Posted by ESC on May 12, 2003
In Reply to: Tiger by the tail posted by KGT on May 12, 2003
: Can anyone give me the origin and meaning(s) of the expression "having a tiger by the tail"?
I can give you the meaning but none of my references gave an origin. I took a guess:
HAVE A TIGER BY THE TAIL - "Cope with an obsession; pursue an idea, a talent or even a vice obsessively; face a trying problem." From "Dictionary of Cliches" by James Rogers (Ballantine Books, New York, 1985).
There's a similar proverb: "He who rides a tiger is afraid to dismount - Once a dangerous or troublesome venture is begun, the safest course is to carry it through to the end. 1875 W. Scarborough 'Collection of Chinese Proverbs.'" But I am guess "tiger by the tail" might have to do with "The Story of Little Black Sambo" by Helen Bannerman:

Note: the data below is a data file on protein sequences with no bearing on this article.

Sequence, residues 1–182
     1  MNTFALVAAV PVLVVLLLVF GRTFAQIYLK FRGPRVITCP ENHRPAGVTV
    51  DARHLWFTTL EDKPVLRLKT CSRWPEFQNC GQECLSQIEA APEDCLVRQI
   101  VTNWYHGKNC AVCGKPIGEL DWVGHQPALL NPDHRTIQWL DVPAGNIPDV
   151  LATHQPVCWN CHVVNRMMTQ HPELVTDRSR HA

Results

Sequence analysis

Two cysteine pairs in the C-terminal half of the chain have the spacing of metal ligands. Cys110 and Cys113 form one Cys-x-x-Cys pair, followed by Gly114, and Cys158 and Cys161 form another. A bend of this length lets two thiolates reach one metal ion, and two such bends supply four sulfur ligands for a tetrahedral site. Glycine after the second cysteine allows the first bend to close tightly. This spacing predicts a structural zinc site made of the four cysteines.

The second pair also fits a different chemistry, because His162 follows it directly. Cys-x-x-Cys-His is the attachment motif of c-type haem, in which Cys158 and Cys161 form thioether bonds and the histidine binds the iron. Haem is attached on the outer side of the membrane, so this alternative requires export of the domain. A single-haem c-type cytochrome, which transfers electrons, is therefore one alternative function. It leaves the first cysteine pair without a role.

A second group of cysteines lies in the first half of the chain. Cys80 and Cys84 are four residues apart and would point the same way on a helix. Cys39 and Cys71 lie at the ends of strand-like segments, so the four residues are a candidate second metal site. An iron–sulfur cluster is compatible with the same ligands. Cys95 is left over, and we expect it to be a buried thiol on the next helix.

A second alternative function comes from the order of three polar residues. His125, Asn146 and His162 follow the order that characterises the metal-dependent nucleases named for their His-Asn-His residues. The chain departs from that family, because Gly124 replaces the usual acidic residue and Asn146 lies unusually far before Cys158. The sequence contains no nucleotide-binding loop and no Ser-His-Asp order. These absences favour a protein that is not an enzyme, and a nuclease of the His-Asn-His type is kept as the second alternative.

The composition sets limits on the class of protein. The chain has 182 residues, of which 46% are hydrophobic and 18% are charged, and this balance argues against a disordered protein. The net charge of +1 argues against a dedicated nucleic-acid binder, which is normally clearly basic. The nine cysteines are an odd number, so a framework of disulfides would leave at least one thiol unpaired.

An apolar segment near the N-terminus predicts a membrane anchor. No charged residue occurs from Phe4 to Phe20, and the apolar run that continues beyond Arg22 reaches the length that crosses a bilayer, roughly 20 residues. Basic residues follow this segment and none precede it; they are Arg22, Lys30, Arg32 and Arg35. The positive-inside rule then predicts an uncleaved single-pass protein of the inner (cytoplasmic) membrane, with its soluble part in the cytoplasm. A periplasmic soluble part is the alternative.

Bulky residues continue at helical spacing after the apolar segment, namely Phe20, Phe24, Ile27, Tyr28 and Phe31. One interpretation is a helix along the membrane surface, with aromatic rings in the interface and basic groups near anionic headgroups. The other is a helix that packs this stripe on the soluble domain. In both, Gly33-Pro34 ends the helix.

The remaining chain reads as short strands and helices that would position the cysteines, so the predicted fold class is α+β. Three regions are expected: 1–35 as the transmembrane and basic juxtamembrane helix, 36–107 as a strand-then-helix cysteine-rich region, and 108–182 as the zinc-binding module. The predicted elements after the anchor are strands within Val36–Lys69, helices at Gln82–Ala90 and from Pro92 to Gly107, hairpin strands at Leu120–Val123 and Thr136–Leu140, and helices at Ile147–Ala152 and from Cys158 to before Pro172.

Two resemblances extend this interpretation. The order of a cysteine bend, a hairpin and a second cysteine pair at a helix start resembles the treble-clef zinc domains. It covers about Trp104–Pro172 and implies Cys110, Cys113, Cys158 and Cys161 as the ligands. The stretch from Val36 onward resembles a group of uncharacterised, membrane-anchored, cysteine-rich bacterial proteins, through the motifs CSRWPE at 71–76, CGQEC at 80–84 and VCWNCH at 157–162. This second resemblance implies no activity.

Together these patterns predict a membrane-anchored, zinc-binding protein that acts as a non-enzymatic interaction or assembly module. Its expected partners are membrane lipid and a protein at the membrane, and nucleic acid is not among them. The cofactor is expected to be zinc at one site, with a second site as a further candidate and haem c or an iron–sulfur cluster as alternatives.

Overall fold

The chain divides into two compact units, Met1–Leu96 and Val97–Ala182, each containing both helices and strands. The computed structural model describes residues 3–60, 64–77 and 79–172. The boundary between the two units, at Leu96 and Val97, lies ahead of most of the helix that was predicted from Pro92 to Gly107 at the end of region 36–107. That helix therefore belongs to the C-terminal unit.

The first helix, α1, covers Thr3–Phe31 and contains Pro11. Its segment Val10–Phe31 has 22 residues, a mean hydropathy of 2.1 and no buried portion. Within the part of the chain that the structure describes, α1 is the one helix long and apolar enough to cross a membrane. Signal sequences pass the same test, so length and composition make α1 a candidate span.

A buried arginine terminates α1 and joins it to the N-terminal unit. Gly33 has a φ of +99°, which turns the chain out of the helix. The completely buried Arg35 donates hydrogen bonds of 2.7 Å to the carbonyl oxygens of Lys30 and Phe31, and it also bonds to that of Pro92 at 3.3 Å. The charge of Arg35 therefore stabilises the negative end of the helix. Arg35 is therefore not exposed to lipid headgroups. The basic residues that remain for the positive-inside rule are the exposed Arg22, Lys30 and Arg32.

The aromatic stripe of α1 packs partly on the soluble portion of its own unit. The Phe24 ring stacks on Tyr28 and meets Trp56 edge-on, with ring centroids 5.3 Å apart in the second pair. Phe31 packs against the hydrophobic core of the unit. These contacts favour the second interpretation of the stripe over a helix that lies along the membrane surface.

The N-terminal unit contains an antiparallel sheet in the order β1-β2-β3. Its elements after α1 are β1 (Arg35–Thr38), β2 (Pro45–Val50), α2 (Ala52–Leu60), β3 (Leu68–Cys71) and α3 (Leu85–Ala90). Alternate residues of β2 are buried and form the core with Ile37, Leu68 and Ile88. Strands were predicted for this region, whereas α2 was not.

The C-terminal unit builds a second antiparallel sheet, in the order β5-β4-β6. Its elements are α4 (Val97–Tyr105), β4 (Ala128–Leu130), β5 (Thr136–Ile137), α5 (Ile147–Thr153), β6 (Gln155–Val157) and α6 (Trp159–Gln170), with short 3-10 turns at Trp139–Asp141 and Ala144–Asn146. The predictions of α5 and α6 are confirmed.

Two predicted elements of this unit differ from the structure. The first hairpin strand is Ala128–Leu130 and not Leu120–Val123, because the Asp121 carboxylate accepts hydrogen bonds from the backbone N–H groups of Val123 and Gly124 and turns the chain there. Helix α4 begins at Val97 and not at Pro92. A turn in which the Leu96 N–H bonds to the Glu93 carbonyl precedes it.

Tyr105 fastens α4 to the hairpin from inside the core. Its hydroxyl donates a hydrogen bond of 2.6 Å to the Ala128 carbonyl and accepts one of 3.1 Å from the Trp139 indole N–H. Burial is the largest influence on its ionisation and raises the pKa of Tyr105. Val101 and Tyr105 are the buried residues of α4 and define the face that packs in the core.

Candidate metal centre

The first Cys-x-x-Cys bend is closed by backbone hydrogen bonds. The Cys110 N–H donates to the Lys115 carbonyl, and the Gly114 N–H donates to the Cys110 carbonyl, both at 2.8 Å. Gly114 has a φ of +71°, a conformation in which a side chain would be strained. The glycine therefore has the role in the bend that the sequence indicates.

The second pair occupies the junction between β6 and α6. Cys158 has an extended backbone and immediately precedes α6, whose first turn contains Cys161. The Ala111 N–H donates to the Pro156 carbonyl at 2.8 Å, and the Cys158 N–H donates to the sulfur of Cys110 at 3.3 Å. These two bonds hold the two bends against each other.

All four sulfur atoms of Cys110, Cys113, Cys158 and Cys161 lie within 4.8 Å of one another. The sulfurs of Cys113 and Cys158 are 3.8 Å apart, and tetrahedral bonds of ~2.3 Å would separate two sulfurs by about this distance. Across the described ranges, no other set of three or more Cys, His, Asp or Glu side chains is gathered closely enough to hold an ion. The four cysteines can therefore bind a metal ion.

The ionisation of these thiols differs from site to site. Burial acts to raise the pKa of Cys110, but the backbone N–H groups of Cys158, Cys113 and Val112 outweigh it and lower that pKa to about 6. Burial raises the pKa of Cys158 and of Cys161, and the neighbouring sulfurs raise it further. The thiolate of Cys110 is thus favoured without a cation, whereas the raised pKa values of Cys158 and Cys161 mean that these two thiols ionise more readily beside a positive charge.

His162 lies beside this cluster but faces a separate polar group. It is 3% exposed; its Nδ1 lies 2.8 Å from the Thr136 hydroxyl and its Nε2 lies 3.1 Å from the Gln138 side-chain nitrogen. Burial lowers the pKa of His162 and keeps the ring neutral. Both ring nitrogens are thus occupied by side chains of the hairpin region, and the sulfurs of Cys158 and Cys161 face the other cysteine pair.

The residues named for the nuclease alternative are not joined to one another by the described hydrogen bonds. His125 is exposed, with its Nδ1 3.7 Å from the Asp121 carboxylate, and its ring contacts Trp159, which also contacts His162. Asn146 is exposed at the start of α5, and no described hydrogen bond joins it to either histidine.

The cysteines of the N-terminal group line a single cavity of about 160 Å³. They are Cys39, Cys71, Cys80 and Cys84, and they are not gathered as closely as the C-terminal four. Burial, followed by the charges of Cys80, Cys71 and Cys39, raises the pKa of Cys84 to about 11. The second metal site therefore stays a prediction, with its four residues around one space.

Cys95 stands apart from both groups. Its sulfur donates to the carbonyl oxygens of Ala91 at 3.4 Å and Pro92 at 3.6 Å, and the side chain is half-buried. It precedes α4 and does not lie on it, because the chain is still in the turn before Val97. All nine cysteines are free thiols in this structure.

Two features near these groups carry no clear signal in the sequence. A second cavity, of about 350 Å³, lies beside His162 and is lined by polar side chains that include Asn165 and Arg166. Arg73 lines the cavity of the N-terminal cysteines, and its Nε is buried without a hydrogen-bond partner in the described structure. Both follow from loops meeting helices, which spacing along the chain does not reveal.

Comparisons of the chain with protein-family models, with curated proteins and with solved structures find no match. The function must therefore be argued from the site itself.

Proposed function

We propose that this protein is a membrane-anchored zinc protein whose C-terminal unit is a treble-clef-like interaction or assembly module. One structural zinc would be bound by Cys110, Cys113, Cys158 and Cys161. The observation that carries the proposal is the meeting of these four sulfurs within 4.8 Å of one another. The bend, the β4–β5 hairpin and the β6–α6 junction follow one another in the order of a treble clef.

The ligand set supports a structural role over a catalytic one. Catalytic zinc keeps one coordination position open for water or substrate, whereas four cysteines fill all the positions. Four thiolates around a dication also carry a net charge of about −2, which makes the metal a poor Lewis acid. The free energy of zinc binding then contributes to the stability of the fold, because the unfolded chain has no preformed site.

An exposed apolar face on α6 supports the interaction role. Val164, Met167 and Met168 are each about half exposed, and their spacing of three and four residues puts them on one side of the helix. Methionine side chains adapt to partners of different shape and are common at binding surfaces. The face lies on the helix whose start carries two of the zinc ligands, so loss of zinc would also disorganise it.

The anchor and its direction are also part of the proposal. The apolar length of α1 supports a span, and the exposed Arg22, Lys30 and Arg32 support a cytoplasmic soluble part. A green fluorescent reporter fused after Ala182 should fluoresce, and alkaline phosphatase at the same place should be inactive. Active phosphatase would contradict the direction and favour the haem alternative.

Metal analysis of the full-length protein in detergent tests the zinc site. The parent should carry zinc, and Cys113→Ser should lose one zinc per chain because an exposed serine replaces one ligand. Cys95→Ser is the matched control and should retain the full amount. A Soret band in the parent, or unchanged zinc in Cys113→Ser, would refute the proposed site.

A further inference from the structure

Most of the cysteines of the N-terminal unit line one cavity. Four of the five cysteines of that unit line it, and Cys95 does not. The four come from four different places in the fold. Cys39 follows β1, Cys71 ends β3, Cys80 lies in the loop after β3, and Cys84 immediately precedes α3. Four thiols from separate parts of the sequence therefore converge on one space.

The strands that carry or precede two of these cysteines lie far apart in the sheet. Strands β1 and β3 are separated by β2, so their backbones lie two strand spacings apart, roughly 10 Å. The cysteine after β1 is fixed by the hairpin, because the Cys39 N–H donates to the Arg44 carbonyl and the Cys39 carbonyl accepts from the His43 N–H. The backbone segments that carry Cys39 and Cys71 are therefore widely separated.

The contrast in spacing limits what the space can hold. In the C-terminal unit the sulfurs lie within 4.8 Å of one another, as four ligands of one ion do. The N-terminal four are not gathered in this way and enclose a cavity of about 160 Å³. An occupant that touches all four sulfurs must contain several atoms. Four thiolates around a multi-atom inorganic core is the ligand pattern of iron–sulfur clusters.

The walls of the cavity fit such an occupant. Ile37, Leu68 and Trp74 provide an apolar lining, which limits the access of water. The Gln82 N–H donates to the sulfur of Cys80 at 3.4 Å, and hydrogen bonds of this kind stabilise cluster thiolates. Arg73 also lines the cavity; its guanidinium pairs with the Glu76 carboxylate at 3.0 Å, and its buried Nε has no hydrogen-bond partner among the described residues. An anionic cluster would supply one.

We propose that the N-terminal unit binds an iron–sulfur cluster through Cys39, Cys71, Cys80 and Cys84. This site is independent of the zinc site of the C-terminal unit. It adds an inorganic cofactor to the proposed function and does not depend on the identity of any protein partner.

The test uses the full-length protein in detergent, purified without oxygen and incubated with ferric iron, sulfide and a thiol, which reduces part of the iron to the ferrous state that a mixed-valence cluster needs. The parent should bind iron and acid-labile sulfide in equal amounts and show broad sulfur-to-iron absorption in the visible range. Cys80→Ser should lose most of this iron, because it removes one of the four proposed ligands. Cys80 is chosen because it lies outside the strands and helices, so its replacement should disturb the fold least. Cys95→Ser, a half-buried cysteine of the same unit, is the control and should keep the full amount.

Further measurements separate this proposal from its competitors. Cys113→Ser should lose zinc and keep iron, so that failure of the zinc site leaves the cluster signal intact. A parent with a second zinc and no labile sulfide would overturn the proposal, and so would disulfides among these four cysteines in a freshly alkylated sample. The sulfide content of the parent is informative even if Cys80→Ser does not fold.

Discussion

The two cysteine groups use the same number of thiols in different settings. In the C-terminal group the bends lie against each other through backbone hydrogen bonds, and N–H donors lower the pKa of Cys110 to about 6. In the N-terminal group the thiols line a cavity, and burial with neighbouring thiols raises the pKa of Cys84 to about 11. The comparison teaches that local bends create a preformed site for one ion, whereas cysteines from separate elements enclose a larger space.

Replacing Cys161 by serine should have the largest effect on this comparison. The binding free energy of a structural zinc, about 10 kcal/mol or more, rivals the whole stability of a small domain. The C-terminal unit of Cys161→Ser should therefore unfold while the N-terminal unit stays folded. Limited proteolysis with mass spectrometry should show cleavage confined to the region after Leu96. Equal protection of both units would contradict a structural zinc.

".And the Tigers were very, very
angry, but still they would not let go of each other's tails.
And they were so angry, that they ran round the tree,
trying to eat each other up, and they ran faster
and faster, till they were whirling round so fast
that you couldn't see their legs at all.
And they still ran faster and faster and faster, till
they all just melted away, and there was nothing
left but a great big pool of melted butter (or
'ghi,' as it is called in India) round
the foot of the tree."
http://www.ishipress.com/sambo.htm Accessed May 12, 2003.